Now, fast forward to 2015. Yeah, you may say that’s far into the future but trust me, you’ll blink a few times and four years have gone by just like this. In 2015 I can guarantee you that either the dollar had collapsed or it’s close to collapsing. The four major world economic powers (China, India, Brazil, Russia) are working hard at making sure the U.S. dollar will seize to be the world reserve currency. Our government is also “working hard” at destroying it by adding unsustainable debt. In 2015 we won’t be buying a loaf of bread for $3. The $3/gallon gasoline price will be just in our dreams. In 2015 the middle class will be closer to the same standard of living of the poor class. What’s this got to do with real estate rentals? Just in case you haven’t yet figured it out, hard assets such as real estate may not be a bad thing for many to be invested in. You see, it’s all about positioning yourself TODAY for the future. And don’t be so sure the 401-K securities will be there for you when you need them the most!
There are three major needs that humans have: food, energy, and housing. Be invested in at least one group. Few of my friends including myself prefer real estate, it’s tangible and real, it’s a hard asset. You don’t want to be a landlord? Fine, you don’t need to but you can be an investor. That’s why there are property managers that will do just about everything for you. You want to place real estate in an IRA? Good, you can do that, too. You want to invest in Trust Deeds? Who says you can’t? Want to preview some ideas? Great, just click on my Amazing Deals tab and start thinking.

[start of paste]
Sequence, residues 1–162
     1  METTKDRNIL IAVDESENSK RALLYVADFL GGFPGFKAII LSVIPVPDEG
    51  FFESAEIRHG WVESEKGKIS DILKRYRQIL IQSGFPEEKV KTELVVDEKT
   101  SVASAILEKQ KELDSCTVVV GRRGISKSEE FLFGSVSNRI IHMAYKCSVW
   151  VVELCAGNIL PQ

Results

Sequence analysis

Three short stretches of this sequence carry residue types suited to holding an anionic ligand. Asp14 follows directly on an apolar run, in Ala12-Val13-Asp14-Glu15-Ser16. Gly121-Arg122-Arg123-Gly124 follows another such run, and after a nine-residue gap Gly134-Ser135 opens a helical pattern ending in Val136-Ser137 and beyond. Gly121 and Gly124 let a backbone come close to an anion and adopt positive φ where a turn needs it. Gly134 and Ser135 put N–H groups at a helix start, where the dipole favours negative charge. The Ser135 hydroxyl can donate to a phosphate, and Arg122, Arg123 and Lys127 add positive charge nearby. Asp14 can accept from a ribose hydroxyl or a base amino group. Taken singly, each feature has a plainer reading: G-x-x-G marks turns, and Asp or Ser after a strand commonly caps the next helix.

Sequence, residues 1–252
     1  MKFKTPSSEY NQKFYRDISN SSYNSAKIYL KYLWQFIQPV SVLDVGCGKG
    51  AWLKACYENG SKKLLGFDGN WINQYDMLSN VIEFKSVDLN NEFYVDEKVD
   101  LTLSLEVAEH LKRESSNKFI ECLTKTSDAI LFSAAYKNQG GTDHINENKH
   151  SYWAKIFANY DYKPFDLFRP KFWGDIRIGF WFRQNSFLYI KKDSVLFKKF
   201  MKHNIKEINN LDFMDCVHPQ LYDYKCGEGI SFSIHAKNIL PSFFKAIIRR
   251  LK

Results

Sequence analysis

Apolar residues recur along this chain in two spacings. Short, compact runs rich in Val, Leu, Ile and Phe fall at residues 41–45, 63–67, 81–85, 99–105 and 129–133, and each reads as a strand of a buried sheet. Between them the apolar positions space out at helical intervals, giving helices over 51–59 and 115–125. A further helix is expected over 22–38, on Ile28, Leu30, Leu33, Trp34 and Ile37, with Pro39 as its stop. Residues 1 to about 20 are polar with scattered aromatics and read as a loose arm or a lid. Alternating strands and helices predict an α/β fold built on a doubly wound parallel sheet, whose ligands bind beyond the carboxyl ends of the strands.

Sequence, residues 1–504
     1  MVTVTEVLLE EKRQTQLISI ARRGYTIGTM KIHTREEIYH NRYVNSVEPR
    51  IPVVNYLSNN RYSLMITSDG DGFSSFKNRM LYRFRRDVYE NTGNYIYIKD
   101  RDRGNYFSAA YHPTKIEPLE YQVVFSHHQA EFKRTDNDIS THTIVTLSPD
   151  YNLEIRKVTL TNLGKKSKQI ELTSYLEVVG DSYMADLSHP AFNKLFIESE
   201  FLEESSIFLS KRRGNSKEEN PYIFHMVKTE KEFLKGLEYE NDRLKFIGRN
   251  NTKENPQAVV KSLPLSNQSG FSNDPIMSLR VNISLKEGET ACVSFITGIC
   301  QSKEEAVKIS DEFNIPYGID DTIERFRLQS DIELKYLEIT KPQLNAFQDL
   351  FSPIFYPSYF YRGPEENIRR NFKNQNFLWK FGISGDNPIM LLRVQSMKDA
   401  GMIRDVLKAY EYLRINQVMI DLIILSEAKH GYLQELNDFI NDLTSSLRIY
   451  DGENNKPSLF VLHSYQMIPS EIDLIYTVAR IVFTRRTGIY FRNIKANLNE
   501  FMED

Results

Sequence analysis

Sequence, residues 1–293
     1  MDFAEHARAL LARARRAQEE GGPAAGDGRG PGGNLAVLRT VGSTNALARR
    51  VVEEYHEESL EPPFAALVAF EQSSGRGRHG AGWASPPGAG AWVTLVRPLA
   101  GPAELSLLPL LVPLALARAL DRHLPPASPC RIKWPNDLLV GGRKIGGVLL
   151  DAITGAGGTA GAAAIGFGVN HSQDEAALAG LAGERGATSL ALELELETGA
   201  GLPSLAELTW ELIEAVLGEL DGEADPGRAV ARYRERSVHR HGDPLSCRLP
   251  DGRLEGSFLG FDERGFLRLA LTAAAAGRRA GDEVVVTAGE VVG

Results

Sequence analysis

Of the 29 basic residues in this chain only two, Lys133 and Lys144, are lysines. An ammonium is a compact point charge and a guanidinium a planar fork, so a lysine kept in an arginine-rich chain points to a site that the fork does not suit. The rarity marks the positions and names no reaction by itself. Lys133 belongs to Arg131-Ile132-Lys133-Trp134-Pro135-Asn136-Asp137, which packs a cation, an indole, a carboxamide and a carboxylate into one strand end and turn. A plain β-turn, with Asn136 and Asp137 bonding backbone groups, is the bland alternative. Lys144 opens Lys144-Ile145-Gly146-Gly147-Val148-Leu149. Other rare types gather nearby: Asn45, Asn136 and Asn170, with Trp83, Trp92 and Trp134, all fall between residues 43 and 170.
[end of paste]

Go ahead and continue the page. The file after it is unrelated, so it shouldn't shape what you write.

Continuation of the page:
All in all, just do something, be proactive rather than reactive. Make sure you won’t be one of those people that will say “I wish I had done something about it but I didn’t”!
Back in the early 1980’s when I arrived in America, the land of opportunities, I was picked up from the Los Angeles airport by an acquaintance. I wasn’t familiar with California and it turned out that nor was he. My final destination was San Bernardino where I was supposed to stay with my host family. During my first few minutes of chatting with my kind guide I asked if he knew his way around, at which he calmly responded “Don’t worry, God will show me the way”. It seemed a bit odd to me but I really didn’t take him literally on his words. We were about two hours on the road when I noticed a slight discomfort on his part. After asking if everything was OK with him I found out that we were lost. It was already dark outside so it made sense to me to stop and get some directions or maybe get a map (where was the GPS when we needed it?). Being a young and inexperienced girl at the time I was unfamiliar with the concept of “men don’t stop for directions” so in my mind I kept wondering why we would not stop. Alas, another hour had gone by and we were still figuring out in what direction we were going. Finally it wasn’t until we entered the California desert when we stopped, refueled and got a map. We turned back and after using the directions from the map two hours later we made it to my final destination.